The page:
In this context, positron emission tomography (PET) with several positron emitters radiopharmaceuticals has been used to investigate patients with HCC [5]. Radiolabelled Gallium-68 (68Ga) or Fluorine-18 (18F) prostate-specific membrane antigen (PSMA)-based positron emission tomography/computed tomography or magnetic resonance imaging (PET/CT or PET/MRI) are imaging techniques normally used for the evaluation and the diagnosis of prostate cancer (PCa) lesions. PSMA-based imaging is usually performed for the initial staging of intermediate to high risk PCa; restaging after biochemical disease relapse (rising prostate-specific antigen levels) in patients with prior radical prostatectomy or radical external beam radiation are also important field of application [6,7,8].

PSMA has recently been suggested as a target for radionuclide imaging and treatment of PCa [9, 10]. Human PSMA is a metalloenzyme containing zinc composed of 750 amino acids, with a 3-part structure consisting of a large extracellular domain, a transmembrane portion and an intracellular component. PSMA is normally internalized in PCa cells with a ligand-binding process by clathrin-coated pits and subsequent endocytosis, making it a useful target for diagnostic and therapeutic applications in nuclear medicine. Moreover, it has been demonstrated that PSMA can be expressed by the neovasculature of many solid tumors (for example gastrointestinal neoplasms) and also in some non-neoplastic conditions [11,12,13,14,15,16,17,18,19,20,21].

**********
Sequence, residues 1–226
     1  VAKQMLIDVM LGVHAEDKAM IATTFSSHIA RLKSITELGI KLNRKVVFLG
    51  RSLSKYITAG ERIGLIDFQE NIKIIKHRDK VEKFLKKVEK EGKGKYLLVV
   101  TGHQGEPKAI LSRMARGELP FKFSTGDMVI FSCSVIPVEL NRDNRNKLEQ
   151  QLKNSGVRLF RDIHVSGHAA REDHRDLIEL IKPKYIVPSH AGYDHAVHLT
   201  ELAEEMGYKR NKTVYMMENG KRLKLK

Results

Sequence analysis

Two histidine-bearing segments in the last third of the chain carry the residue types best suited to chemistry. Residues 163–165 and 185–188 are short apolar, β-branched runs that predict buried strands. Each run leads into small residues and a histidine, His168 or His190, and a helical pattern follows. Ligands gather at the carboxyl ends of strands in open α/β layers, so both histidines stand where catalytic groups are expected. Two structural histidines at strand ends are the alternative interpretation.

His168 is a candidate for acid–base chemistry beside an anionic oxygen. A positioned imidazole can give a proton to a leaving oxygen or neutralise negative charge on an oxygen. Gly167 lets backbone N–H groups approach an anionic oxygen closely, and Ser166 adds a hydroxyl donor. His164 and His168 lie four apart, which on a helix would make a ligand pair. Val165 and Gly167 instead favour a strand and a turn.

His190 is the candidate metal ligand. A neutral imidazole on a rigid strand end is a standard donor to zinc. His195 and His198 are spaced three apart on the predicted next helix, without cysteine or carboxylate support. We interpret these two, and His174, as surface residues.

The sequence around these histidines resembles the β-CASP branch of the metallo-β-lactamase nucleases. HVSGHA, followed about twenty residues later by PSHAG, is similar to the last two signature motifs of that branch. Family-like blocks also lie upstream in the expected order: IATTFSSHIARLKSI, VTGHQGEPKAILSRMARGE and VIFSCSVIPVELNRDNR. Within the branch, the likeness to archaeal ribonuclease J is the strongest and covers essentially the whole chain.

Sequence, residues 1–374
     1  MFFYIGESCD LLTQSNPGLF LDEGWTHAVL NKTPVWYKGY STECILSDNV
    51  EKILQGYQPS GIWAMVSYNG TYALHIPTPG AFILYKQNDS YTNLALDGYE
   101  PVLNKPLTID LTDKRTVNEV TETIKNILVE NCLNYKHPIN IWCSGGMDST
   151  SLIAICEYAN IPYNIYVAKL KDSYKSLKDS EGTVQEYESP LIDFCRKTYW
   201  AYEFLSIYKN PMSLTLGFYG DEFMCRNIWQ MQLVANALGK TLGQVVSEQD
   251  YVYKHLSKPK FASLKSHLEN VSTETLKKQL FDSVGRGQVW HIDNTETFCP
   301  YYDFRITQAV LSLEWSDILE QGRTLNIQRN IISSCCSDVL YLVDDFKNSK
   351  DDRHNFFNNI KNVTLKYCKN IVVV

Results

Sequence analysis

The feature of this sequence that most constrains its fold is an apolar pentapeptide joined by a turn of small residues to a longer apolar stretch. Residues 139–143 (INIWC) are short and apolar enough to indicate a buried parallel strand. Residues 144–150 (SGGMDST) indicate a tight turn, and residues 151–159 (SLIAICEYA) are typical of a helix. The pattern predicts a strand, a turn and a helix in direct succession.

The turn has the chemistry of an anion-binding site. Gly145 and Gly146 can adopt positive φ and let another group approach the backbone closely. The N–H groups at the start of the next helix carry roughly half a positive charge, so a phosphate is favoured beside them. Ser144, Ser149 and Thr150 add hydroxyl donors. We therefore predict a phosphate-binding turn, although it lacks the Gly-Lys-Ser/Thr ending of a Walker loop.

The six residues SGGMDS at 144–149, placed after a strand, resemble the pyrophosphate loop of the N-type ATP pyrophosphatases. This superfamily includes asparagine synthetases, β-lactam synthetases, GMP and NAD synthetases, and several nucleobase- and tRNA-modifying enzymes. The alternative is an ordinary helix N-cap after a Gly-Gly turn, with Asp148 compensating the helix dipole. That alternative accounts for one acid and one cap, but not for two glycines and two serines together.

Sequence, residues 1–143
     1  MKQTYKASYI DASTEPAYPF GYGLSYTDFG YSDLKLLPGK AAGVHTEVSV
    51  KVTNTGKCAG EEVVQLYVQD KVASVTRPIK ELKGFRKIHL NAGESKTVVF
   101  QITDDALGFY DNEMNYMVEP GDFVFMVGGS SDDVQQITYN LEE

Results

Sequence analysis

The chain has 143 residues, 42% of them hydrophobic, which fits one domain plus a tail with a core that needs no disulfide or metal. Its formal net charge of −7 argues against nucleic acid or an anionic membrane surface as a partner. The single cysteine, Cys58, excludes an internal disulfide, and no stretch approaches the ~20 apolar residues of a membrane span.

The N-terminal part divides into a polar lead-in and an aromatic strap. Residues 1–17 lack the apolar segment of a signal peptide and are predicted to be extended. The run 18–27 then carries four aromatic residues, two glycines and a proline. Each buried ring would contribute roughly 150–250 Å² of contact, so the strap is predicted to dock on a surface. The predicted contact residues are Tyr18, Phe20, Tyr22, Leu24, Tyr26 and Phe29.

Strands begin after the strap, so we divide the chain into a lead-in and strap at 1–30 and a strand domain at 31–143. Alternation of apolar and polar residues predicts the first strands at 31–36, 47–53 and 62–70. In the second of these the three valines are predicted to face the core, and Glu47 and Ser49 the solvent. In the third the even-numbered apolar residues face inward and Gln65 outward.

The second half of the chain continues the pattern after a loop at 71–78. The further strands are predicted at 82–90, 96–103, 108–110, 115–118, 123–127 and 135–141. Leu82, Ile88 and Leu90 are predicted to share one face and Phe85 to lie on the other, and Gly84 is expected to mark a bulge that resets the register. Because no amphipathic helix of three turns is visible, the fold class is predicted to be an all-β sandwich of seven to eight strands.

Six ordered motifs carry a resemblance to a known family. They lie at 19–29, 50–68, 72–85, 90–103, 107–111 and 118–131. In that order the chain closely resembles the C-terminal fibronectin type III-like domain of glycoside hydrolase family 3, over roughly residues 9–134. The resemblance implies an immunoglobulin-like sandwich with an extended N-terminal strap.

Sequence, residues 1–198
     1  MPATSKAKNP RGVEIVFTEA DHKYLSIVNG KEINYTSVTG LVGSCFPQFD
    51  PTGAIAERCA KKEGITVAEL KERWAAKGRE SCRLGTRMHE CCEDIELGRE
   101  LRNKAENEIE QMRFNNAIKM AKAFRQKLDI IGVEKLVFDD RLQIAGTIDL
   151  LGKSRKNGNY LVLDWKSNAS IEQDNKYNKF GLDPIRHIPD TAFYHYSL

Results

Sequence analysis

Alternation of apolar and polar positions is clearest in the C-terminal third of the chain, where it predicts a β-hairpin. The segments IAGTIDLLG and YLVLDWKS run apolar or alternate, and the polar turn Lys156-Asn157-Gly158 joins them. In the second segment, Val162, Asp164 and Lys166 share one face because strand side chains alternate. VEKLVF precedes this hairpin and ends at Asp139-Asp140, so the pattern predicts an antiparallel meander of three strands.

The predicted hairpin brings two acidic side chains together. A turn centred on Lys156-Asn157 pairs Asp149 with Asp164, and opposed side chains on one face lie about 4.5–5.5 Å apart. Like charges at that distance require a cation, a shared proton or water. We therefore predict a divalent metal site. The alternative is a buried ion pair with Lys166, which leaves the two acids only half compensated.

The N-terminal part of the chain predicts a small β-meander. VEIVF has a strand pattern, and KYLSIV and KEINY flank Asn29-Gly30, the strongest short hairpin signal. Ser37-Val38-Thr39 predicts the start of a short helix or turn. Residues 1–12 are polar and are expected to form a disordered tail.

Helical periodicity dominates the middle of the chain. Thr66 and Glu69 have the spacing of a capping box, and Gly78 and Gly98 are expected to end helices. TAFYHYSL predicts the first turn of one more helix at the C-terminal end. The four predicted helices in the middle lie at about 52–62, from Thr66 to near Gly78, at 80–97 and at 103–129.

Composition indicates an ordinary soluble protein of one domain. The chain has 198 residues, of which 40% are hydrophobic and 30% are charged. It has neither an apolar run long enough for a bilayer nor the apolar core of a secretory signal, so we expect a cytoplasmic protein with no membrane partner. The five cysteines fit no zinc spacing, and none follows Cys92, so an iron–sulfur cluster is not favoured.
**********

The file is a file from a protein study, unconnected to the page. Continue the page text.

The aim of this review is to evaluate the possible diagnostic role of radiolabelled PSMA PET/CT or PET/MRI in patients with HCC by summarizing the available literature data.

Methods

Search strategy

A wide literature search of the PubMed/MEDLINE, Scopus, Embase and Cochrane library databases was made to find significant published articles about the role of radiolabelled PSMA PET/CT or PET/MRI in patients affected by HCC. We used a search algorithm that was based on a combination of the terms: (a) ‘‘PSMA” OR “prostate-specific membrane antigen” AND (b) “hepatocellular carcinoma” OR “HCC”. No beginning date limit was applied; the search was updated until September 3rd 2020. Only articles in the English language were considered; pre-clinical or non in-vivo studies, conference proceedings, reviews and editorial were excluded. To expand our search, references of the retrieved articles were also screened for additional papers. All literature studies collected were managed using EndNote Web 3.3.

Study selection

All articles reporting patients with HCC evaluated by radiolabelled PSMA PET/CT or PET/MRI in clinical setting were eligible for inclusion. Two researchers independently reviewed the titles and abstracts of the retrieved articles. The same two researchers then independently reviewed the full-text version of the remaining articles to determine their eligibility for inclusion.

Data abstraction